It was billed as an extension of the player development contract between Tampa Bay and Princeton, although in the Appalachian League teams are owned by MLB parents and managed by local organizations — in this case, the Princeton Baseball Association. The extension of the agreement between the Rays and Princeton Baseball Association was met locally as very good news. In fact, the hard work of the Princeton Baseball Association to upgrade Hunnicutt Field was cited by Rays officials as behind their decision to commit to 2020. From the Bluefield Daily Telegraph:
“I think there was a lot of work and effort to bring things up to standards over the last year and it seems like some of the things you have in mind for the future are improvements on top of that and I am excited to see how that plays out,” said Jeff McLerran, the Assistant Director of Minor League Operations for the Tampa Bay Rays. “I think that is everybody’s hope that this continues to be a really blossoming relationship. We think this past year with the improved communication and dialogue between us and the association gives us a lot of confidence that is going to happen. I appreciate everything you guys have done and we will continue to work at this and get this ball on that right track.”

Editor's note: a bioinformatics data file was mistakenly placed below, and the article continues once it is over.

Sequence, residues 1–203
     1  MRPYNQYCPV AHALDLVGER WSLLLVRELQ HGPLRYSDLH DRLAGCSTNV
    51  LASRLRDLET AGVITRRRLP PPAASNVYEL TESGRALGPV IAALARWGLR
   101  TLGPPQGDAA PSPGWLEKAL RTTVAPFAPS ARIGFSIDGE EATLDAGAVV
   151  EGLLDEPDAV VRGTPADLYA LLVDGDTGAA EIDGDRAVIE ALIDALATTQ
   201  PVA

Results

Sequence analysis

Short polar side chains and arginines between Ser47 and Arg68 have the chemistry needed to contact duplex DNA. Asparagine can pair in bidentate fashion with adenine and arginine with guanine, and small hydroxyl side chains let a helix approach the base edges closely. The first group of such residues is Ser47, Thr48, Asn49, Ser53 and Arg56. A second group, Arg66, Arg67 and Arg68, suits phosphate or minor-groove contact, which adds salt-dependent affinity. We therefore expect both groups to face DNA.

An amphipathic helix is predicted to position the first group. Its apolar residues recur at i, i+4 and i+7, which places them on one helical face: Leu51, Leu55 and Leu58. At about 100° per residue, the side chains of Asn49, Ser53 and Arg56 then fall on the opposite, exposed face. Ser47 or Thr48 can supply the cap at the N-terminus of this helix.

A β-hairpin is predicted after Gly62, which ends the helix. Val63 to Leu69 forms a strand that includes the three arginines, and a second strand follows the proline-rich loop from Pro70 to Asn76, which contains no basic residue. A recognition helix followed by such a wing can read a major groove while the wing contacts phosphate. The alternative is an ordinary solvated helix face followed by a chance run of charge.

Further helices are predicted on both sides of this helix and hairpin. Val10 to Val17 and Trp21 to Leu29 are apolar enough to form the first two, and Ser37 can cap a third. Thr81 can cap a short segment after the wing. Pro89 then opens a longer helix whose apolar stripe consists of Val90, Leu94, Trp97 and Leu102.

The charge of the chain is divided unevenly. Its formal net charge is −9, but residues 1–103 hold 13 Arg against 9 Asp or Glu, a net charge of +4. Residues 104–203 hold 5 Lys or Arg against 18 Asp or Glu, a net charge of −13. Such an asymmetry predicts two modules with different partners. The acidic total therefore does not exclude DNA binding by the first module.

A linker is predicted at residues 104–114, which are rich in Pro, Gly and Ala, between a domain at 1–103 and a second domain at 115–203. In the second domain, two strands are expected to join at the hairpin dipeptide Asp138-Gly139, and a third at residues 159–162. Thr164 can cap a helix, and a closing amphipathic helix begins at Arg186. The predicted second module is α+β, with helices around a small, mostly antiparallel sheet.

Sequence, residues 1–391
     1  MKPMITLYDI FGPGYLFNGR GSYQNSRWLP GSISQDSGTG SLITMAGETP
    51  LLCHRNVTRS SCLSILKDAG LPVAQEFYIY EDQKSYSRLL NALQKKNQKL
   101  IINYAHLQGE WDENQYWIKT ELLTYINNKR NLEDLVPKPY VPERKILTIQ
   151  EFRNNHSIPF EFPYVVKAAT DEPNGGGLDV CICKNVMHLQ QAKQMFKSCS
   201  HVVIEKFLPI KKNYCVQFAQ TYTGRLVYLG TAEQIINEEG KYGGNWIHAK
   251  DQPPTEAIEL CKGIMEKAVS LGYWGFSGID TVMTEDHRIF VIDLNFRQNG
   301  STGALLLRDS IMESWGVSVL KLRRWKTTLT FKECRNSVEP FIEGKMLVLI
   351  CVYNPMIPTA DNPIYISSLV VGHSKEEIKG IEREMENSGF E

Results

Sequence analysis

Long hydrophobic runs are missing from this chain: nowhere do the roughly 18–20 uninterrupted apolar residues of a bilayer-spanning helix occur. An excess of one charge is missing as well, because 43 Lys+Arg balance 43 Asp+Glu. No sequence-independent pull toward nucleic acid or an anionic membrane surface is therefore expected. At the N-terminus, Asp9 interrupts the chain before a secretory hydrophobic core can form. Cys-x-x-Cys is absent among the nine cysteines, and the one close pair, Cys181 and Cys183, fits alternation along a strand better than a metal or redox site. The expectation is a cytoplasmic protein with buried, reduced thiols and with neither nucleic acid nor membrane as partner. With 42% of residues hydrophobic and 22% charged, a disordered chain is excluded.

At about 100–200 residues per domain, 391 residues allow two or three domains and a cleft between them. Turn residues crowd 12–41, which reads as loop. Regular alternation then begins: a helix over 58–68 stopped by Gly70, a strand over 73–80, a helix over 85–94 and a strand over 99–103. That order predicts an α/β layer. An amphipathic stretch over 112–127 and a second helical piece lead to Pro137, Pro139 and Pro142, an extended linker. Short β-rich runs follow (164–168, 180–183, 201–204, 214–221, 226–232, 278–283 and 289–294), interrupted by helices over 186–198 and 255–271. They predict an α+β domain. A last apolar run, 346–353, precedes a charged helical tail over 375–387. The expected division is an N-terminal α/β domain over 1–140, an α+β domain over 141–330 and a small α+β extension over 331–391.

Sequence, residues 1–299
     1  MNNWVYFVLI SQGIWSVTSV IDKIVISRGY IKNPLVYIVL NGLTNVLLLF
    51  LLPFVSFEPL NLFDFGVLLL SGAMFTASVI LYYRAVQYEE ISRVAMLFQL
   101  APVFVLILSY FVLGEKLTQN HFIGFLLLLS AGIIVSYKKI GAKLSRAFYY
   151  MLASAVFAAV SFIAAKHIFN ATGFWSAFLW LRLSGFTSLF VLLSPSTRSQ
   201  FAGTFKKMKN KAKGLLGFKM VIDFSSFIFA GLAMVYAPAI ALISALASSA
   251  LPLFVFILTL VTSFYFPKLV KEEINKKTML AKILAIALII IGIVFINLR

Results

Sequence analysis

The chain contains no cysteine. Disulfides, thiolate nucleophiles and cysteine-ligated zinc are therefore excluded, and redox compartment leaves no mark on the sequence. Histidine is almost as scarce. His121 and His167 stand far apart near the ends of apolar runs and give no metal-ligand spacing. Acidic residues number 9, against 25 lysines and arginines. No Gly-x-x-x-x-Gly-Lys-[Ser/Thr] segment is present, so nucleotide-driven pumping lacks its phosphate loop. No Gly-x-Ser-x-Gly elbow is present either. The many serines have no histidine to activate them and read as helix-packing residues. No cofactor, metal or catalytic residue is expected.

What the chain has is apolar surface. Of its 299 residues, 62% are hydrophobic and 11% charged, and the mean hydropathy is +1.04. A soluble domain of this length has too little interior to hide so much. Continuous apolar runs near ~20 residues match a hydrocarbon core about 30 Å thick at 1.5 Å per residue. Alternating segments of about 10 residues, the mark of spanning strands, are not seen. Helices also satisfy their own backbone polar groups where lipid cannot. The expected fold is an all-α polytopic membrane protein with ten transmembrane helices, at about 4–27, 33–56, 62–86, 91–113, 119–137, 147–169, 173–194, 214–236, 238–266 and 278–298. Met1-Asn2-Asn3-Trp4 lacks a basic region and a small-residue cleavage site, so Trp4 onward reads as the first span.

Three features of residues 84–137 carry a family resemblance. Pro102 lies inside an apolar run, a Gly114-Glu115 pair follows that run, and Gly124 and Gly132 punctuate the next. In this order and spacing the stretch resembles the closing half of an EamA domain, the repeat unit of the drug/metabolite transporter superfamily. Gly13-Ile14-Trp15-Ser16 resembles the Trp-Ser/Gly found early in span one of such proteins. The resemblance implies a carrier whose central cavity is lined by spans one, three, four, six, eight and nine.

Expect those improvements to continue over the next three years and beyond, with Sarver — who is the co-owner of Main Street Builders in Princeton — filled with ideas on what can be done to not only enhance the experience for the players and coaches, but for the fans as well.
“I think it is safe to say that we worked through some of the major facility issues last year, but now we are kind of a wish list path,” said Adam Sarver, who was inspired to help the PBA through the influence of his grandfather Buck Sarver. “During the negotiations to renew or do another contract there wasn’t really talk between all of us that you have to do this or we won’t come back. I take comfort in knowing it is our renewed optimism to operate better and do better things and hopefully that is where all the confidence is coming from you guys. I am very confident that we will continue on further than the three years.”
It’s more good news for the Appalachian League, which was written off for dead a decade ago but since has seen a revival with increased attendance and upgraded operations in markets like Pulaski and Johnson City. In Greeneville, three MLB teams vied to replace the Astros, though a final decision has not been made.